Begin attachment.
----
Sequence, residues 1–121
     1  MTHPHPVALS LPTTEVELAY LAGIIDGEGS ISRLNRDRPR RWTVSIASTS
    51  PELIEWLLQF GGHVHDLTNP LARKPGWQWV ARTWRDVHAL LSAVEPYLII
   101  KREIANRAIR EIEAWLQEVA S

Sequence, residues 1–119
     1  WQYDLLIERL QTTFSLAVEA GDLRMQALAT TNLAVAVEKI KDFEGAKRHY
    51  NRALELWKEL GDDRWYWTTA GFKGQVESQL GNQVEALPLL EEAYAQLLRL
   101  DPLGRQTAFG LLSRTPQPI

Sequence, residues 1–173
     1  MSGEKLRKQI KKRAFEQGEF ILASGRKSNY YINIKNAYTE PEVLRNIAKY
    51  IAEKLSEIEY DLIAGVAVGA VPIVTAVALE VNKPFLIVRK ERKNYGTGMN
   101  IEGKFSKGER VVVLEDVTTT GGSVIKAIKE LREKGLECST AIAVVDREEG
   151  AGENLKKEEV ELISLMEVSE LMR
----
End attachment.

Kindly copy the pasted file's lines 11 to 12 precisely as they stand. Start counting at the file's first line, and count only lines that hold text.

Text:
    51  IAEKLSEIEY DLIAGVAVGA VPIVTAVALE VNKPFLIVRK ERKNYGTGMN
   101  IEGKFSKGER VVVLEDVTTT GGSVIKAIKE LREKGLECST AIAVVDREEG